With a detour to Rodeo Drive in Beverly Hills where we just did a quick pass through (all the stores were closed for the evening), we then made our way back to our hotel where we crawled in bed with cups of Stone Brewing Co. beer and watched the episode of Conan O’Brien that we were at (trying to spot ourselves in the split second shots of the crowd). Seeing it on TV was great. Being in the studio during the live taping was one thing, but getting to view the final product was neat, too. Very little was edited out, if anything at all, but the close-up shots of Conan and Andy that we didn’t catch on set had me cracking up in the confines of our room. That’s the magic of film for you!

Day 5

The following day we turned our car south and headed back to San Diego via the I-5. On the way, we sang along to top 40 hits and oldies on the radio and kept an eye out for different state license plates.

Our one stop was in El Cajon for the tour of the Taylor Guitars factory. Highly automated compared to other luthiers, they’ve found ways to make guitars that are consistent in quality and sound while maintaining beautiful craftsmanship. I wouldn’t have known about the free tour, which is offered every weekday at 1pm, if I hadn’t found the suggestion listed on the back of the fantastic San Diego explore series map from AMA. It turned out to be one of the biggest surprises of the trip. The information shared by the guide was interesting, and getting to peek at each step of the manufacturing process was cool. All visitors were also invited to test out the guitars hanging in the showroom, so there were a bunch of musicians each sitting on their own stool strumming and singing away.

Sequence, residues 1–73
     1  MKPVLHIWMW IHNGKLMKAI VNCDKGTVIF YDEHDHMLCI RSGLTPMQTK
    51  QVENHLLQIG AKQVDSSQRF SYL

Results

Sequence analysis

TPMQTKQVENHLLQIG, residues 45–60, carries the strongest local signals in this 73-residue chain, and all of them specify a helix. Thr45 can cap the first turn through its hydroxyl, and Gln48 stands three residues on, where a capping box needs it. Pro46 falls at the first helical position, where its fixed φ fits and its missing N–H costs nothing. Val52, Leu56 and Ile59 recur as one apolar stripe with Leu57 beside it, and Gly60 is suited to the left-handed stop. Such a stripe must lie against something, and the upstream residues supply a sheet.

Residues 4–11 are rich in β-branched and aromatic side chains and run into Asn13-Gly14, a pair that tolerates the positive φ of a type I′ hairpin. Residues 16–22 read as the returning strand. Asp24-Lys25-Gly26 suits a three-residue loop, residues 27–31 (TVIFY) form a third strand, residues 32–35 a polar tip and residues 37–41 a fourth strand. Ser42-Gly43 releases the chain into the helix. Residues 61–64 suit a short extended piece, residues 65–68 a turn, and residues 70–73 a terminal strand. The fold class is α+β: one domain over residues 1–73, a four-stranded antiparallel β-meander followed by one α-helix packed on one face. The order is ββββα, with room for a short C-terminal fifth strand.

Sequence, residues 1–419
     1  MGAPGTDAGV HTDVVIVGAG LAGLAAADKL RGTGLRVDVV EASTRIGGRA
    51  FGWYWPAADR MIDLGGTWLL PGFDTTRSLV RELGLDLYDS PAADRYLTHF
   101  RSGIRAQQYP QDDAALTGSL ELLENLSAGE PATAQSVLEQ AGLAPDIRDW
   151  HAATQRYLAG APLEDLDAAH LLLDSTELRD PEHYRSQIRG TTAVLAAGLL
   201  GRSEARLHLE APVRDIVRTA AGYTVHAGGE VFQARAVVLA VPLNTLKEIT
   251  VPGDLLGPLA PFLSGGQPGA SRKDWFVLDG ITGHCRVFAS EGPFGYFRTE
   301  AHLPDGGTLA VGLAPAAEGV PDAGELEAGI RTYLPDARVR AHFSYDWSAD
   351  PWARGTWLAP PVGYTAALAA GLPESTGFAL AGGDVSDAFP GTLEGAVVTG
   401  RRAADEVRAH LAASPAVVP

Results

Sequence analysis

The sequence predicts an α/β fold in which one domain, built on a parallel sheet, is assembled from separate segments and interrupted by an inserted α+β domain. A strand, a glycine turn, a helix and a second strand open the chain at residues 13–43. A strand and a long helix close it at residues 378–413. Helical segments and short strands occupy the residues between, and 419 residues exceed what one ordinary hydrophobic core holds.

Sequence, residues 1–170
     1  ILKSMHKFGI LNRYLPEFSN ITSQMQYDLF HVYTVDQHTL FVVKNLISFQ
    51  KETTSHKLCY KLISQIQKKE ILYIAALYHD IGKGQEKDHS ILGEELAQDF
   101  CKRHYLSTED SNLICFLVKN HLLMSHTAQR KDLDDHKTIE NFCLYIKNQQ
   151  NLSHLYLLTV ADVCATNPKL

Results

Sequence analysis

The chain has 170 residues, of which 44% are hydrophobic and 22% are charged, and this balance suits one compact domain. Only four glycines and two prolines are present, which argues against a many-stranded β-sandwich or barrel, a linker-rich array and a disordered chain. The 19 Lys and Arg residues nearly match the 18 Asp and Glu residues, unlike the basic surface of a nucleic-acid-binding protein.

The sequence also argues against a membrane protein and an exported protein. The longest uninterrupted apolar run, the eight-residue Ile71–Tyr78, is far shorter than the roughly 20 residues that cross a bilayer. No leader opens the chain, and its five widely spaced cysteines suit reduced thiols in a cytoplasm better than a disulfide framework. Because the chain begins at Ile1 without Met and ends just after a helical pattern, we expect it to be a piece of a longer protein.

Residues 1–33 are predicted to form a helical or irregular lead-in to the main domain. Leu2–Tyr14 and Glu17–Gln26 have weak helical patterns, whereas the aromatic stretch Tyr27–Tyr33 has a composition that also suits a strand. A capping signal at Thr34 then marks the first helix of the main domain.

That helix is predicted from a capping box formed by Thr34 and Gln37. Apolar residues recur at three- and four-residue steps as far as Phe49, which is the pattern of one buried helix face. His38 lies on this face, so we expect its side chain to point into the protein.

Knowing we’d need dessert later in the evening, we thought one last Sprinkles Cupcakes run was in order. There was a shop in La Jolla, so we popped in to pick up a couple of cupcakes each. This time I chose the chai latte and the pumpkin flavours. Alas, there was no phrase of the day!

Then we headed to Inn at the Park where the check-in was lightning quick. The only thing that was disappointing was that the price of the stay didn’t include free Wi-Fi; we had to pay extra for that on a daily basis. The only good thing is that the cost of use included two devices, so both my friend and I were able to use the internet. Our two bedroom suite was pretty and super spacious, and, if we were going to be there for an extended stay, the full kitchen would have come in really handy.

When we were home planning this trip, I made an effort to search for a list of the city’s best restaurants and came across San Diego Magazine‘s 2014 compilation. Since the two of us love sushi so much, I wanted to see if we could make it to Azuki, which was the critic’s pick for best sushi. Luckily the restaurant was only a couple of minutes away by car from our home base. Upon entering, I noticed and loved that in the main dining room they were playing Jiro Dreams of Sushi on a wall screen. How appropriate. Although we didn’t have a reservation, they managed to seat us at a table in their cozy enclosed patio space. We even made it in time to order the albacore tuna tataki off of the happy hour menu. The fish was so fresh, and the dish wasn’t overly adorned, which was good because it allowed the fish to be the star. After some deliberation over my main meal, I selected the By the Border and Spicy Scallop rolls. Oh man! It was as if the entire thing, rice included, just melted away in your mouth. As I was eating those, my friend was enjoying the salmon special, which includes five different types of salmon sushi. She liked it so much that I was convinced I needed an order of my own. In all seriousness, this was probably the best sushi I’ve ever had. It was also our most extravagantly priced meal of the trip – four dishes each and a cocktail and I paid about $75 CDN – but it was well worth it. I have absolutely no regrets. It’s on my wishlist to go there again.